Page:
It is not the opposite of International Women’s Day
November 19, 2019 was the day my social media exploded with people surprised by the existence of International Men’s Day. Yes, you read it right. It exists.
Curious, I walked into office and asked a group of colleagues getting ready to celebrate the occasion why we have a men’s day. They instantly replied: “Oh, since we have a women’s day for women, we have a men’s day for men.’’
I take this as an opportunity to discuss what these days are all about.
International Women’s Day first emerged from the activities of labour movements at the turn of the 20th century in North America and across Europe. It is celebrated on March 8 to commemorate a rallying point to build support for women’s rights and participation in the social, political, and economic arenas.
International Men’s Day was founded in 1999 by Dr Jerome Teelucksingh, a history lecturer at the University of the West Indies in Trinidad and Tobago. Over 70 countries celebrate it as an annual rallying cry aiming to draw attention to some of the most important issues facing men in the 21st century.
This year’s theme is: “Making a difference for men and boys.”
One of its pillars addresses a set of rigid expectations that define what a man is.
Traditionally a man is strong and stoic. He is a bread-winner and plays sports.
This man box culture excludes a part of the population who are deemed to be different, often mocked for not conforming.
Moreover, men around the world are taught to refrain from showing any emotional vulnerability, and are expected to show only a limited range of emotions. This process often sets the path toward anger and aggression.
As a result, in comparison with women, men are less likely to seek help for emotional problems. Researchers suggest that depression is diagnosed less frequently in men because of the tendency to deny illness, to self-monitor symptoms, and to self-treat.
Mental health remains a key factor behind men’s suicide.
International Men’s Day encourages men to feel a range of emotions, supports their struggles with mental illness, and leaves room for masculinity to come in many forms.
Masculinity no longer limits itself to macho men hungry for power. It also includes boys who are nurturing and men who like to wear pink shirts. It extends its hand to the shy man who likes K-pop and plays with puppies. The idea is to embrace diversity in masculinity that makes masculinity more beautiful.
The day brings focus on male victims of violence, the challenges faced by fathers who are separated from their children.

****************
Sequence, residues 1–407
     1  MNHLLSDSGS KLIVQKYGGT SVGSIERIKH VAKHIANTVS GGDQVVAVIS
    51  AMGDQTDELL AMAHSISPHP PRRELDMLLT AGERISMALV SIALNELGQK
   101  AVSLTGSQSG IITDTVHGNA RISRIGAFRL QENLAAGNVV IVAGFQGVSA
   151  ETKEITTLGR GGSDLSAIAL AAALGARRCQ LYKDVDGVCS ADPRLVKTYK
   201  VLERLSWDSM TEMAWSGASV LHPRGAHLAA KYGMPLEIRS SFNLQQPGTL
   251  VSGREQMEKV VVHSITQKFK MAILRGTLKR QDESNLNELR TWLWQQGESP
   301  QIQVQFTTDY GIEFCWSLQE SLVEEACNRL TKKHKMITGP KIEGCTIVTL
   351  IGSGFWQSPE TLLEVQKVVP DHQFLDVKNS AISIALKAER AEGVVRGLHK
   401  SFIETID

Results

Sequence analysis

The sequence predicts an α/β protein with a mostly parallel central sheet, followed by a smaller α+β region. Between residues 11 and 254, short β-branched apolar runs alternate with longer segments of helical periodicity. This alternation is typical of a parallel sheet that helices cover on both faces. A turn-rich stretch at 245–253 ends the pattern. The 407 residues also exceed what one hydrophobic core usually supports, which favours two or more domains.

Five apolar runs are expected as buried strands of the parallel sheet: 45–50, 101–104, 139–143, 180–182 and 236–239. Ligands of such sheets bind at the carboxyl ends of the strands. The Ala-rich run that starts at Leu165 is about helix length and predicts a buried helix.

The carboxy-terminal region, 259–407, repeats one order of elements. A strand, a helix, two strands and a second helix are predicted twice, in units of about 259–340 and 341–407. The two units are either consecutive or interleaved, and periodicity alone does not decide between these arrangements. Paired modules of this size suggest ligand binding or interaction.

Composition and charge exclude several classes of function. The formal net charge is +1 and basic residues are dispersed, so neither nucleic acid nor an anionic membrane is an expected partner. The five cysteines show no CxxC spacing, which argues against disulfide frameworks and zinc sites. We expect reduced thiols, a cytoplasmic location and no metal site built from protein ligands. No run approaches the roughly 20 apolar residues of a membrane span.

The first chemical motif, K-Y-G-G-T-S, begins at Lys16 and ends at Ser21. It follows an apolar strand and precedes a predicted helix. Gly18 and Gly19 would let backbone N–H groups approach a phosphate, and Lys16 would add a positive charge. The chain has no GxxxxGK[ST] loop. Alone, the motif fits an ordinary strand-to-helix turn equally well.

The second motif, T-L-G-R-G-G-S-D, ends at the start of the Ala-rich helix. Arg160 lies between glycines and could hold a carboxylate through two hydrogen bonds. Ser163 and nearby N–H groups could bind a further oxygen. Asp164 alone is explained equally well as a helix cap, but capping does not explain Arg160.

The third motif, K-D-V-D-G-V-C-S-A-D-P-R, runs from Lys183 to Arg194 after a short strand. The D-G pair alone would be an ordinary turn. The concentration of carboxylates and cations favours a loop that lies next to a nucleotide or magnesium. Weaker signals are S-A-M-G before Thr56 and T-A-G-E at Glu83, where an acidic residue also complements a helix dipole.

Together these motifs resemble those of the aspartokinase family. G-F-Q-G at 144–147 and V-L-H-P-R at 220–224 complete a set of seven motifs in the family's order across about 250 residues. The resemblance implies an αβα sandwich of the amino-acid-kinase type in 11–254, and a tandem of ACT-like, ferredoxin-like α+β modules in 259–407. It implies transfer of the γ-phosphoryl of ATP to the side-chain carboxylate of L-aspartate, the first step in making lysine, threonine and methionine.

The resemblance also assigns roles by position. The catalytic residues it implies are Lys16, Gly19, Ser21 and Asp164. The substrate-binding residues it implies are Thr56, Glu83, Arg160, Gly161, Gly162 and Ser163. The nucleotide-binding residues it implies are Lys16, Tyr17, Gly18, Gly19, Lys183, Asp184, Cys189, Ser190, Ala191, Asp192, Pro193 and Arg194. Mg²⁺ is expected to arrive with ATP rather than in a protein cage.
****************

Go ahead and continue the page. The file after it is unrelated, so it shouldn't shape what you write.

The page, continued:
It also offers an excellent opportunity to talk about newer issues such as men’s breast cancer. While men do not have well-developed breasts, they do have a small amount of breast tissue that can develop breast cancer. Similarly, prostate cancer is a cancer of the prostate gland that silently kills men.
Brands recognize their power to not just play a role in the cultural conversation, but to help shape it. In 2018, Gillette flipped the script on its tagline “The best a man can get” by confronting the notion that “boys will be boys.” In a similar move, menswear brand Bonobos responded to the #MeToo movement in its #EvolveTheDefinition campaign, which sought to push back against society’s traditional framing of masculinity
Ironically, many are celebrating men’s day for all the wrong reasons.
A group of people is Googling Men’s Day driven by the fear that by supporting women’s rights, we might be eroding theirs. The same band of keyboard warriors also object to lengthy maternity leaves, women’s marches, and affirmative action.
Screaming men’s day just because there is a women’s day makes the latter sound like just a tea party for women to doll up for merely existing. It robs Women’s Day of the historical significance of the movements that led to women’s rights. It denies the struggle of women who continue to remain shackled by patriarchy in the remote corners of the world.
On the other hand, celebrating Men’s Day without understanding its essence paints men as insecure individuals. It further dismisses the issues that affect men silently and forces everyone to conform to strictly prescribed expressions of gender.
My Facebook is filled with gratitude posts for men for, well simply, doing their fair share of responsibilities such as cooking, taking care of the children, co-operating at the workplace. Don’t get me wrong. Someone performing their responsibilities is, of course, a relief and worthy of acknowledgement.
However, to glorify that act actually consolidates gendered roles that we are trying to break. It hints that men were not supposed to wash dishes, be patient, or treat you with respect.
These subservient dynamics between men and women do a disservice to men themselves. It reinforces the idea that men are providers. Does that narrative halt our momentum and bring us back to zero?
Rather than being the opposite of International Women’s Day, International Men’s Day seeks to raise awareness about these important issues and more, and work against damaging gender stereotypes that harm us all.
Celebrating Men’s Day won’t make it harder for men to talk about their feelings, but it might make it easier. It won’t end violence men silently suffer, but it might make them feel a bit braver.
It’s not about trying to put a circle in a square, but rather embracing how dynamic men are.
Myat Moe Khaing takes an interest in gender and indigenous politics.